Levi feels that he has been called the equivalent of a “Nazi” by being associated with neoliberalism though Reid’s assessement that the equalization of objects serves only as a weak and facile democraticization. (I thought philosophers were supposed to specialize in distinctions, but he cannot tell the difference between being associated with neoliberalism, and being CALLED a Nazi.) No doubt this imagined “Nazi” smear conducted by Reid’s rather reasoned arguments (in which I detect not much smearing) touches off the feeling that Levi has been subject to something of this kind of language:

[I hate ] second, the creatures of ressentiment who seem to delight in tearing others down, in finding ways to torture them, who have orgies of hate together when they get ignored seeing themselves as victims rather than being the assholes that they are. Racists, jilted white men, insecure nationalists, misogynists and homophobes, trolls, Christianists and religious zealots of all sorts that are convinced they’re victims, gossips, etc., etc., etc.

Of course this is a quote from Levi, and not Reid. This  really isn’t the way that Reid expresses himself. Its Levi, talking as usual to himself

But it’s not just that Levi was provoked, or as he put it, feeling that he had been “kicked in the stomach”. It’s also the case for Levi that his bullying of Reid (as a professor of philosophy unto a graduate student, and a popular bloggist to a wee bloggist), bullying he confesses, is also the case of him merely not treating him “like a puppy”. Levi, despite the apology was simply being all man about it with Reid. He was just giving Reid a friendly hockey check back on the ice.

I think it is strange to suggest that somehow because of his age or station as a graduate student he is supposed to be treated with kid gloves or patted on the head like a puppy when, to use a hockey metaphor, he himself “checks” hard in public.

For anyone who read Reid’s analysis of Levi’s exchange, we know that this was not the case at all. Its good of course to hear Levi apologize but those who know him know that this is pretty much par for the course: I was completely wrong, I’m very sorry, except for the fact that I was provoked and I out of respect to him refused to treat Reid as a puppy, again I repeat I was completely wrong.

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5 responses to “The Fall of Larval Subjects: Bloom and Rose

  1. Anthony Paul Smith October 2, 2009 at 8:33 pm

    It is strange that he once associated me with Heidegger’s support of the Nazis and was surprised that this upset me very much and now thinks its fine to get upset at people when they call you something akin to being a Nazi (?!?!).

    • kvond October 2, 2009 at 8:44 pm

      Its not really strange all. Levi is very thick with the implied insult and very THIN in his skin. He is so overly concerned with his image as a social justice protester AND a philosophical master of discourse, its pretty much walking on egg-shells when you touch on either. I remember my first go round with Levi. I was new to his blog and I was struck how much he likes to give the impression of the master of the discourse (while pretending to dialogue). I said as much, in passing, and all the hair raised up one his head declaring that I can called him a Nazi, when in fact was making no such reference at all. This seems to be one of his regular tropes and fears (and, from your own experiences, one of his usual accusations as well).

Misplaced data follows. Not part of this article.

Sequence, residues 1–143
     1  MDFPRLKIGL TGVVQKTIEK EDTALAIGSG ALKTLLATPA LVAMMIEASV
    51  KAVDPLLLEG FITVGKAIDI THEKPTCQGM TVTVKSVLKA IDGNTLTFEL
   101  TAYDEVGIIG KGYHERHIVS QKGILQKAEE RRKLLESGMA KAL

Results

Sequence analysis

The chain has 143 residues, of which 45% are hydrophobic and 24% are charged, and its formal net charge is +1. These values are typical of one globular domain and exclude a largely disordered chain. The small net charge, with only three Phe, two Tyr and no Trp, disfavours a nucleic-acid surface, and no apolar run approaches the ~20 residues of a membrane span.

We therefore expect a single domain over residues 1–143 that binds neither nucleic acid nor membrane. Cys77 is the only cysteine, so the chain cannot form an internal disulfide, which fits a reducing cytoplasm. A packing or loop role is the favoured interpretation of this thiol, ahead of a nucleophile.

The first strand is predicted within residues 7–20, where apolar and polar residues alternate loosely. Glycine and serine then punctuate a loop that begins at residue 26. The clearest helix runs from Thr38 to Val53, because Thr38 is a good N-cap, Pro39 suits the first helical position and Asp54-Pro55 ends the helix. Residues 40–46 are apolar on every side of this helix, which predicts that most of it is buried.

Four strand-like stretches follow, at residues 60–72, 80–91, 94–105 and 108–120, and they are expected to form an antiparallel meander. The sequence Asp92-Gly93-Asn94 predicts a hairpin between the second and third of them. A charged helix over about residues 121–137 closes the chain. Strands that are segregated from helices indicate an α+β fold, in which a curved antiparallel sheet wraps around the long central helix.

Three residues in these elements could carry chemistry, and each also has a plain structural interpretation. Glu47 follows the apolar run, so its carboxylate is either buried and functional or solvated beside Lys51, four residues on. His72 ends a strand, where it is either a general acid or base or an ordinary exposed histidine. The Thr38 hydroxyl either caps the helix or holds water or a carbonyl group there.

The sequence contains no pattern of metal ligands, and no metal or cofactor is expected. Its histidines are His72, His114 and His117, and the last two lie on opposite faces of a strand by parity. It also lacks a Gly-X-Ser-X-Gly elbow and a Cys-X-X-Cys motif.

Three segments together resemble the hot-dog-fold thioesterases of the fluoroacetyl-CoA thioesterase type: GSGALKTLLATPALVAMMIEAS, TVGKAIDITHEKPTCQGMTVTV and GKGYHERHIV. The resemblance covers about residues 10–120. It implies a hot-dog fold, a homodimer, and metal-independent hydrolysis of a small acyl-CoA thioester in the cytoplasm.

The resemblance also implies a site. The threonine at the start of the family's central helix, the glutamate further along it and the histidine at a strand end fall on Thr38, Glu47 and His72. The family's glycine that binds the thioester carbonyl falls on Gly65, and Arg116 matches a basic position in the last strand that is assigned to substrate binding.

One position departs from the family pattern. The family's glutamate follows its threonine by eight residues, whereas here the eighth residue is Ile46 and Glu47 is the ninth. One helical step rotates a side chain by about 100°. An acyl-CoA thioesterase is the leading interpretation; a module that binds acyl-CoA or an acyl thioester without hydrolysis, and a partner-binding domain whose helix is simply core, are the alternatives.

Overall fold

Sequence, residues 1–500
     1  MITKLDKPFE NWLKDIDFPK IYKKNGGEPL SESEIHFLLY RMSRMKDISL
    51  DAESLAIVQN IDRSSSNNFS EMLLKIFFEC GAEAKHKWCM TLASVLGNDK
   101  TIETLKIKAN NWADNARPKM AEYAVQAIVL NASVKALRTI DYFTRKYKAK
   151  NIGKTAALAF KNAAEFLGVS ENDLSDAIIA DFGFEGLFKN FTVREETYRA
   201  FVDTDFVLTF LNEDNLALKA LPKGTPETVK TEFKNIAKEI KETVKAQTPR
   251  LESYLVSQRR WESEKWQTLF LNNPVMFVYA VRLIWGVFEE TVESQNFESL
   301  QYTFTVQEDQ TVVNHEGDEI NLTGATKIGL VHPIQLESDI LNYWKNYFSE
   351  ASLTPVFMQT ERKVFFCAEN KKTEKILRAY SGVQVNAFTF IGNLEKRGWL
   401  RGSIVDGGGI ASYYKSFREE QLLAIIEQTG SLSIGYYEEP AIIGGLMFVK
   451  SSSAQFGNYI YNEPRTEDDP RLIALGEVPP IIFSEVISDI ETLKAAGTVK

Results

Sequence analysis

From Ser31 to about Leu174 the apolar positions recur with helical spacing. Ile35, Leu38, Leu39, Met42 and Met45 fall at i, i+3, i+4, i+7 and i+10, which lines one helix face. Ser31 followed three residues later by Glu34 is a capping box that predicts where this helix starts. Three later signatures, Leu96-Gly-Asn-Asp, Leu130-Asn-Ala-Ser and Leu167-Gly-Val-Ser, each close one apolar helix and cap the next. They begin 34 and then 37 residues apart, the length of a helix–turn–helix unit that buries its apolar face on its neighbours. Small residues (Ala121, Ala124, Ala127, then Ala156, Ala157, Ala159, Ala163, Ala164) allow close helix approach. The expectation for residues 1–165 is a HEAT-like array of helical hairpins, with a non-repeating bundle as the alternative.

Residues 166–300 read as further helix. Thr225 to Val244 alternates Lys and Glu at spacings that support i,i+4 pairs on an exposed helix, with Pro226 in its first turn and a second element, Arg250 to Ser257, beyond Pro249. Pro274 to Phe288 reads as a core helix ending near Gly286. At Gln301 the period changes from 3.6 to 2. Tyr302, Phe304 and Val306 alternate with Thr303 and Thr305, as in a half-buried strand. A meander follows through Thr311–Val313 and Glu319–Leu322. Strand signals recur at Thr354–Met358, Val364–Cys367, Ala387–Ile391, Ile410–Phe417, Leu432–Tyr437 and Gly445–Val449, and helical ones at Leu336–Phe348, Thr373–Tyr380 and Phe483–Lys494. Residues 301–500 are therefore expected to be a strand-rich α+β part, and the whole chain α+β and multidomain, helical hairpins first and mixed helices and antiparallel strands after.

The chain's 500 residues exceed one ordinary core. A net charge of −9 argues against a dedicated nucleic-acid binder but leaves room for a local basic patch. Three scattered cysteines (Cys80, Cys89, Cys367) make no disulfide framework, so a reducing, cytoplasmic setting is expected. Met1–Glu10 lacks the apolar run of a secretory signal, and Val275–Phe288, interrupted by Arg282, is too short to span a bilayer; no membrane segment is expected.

2. Mark Crosby October 3, 2009 at 9:31 pm

    It’s so sad, isn’t it? But does this compare with Greek tragedy? Why am I reminded of a song from my youth, “Werewolves of London”? Must be from reading too much Oscar Wilde today (VERA AND THE NIHILISTS is a real sob story..)

    • kvond October 3, 2009 at 9:37 pm

      What is “sad” about it to me is not its high tragedy, so much as it seems to mark out the very path of almost all academic philosophical method of the control of discourse through tactics of authority and dissimilation. If you read Reid’s rebuttal to Levi’s bull, you see that Levi has been playing the “professor” the whole time, not having much of a clue what Reid’s point was, bluffing as he went, never simply having the dignity to simply say “I withdraw”. It was the process that was prior to Levi’s rancorous post that actually was the slow “tragedy” in that it happens everywhere, in every classroom. The attack post and then the apology later was simply car crash humor to the extreme degree.

  3. Paul Bains October 4, 2009 at 4:55 pm

    I did say I was out of the loop.
    I guess that’s not a bad thing – as you intimated a while back. I still saw some creativity – and didn’t have the history to notice petals falling off…’selfish, scrabbling identities.’
    I’m glad I don’t have a blog – I’d be e-assassinated in minutes for my naivety.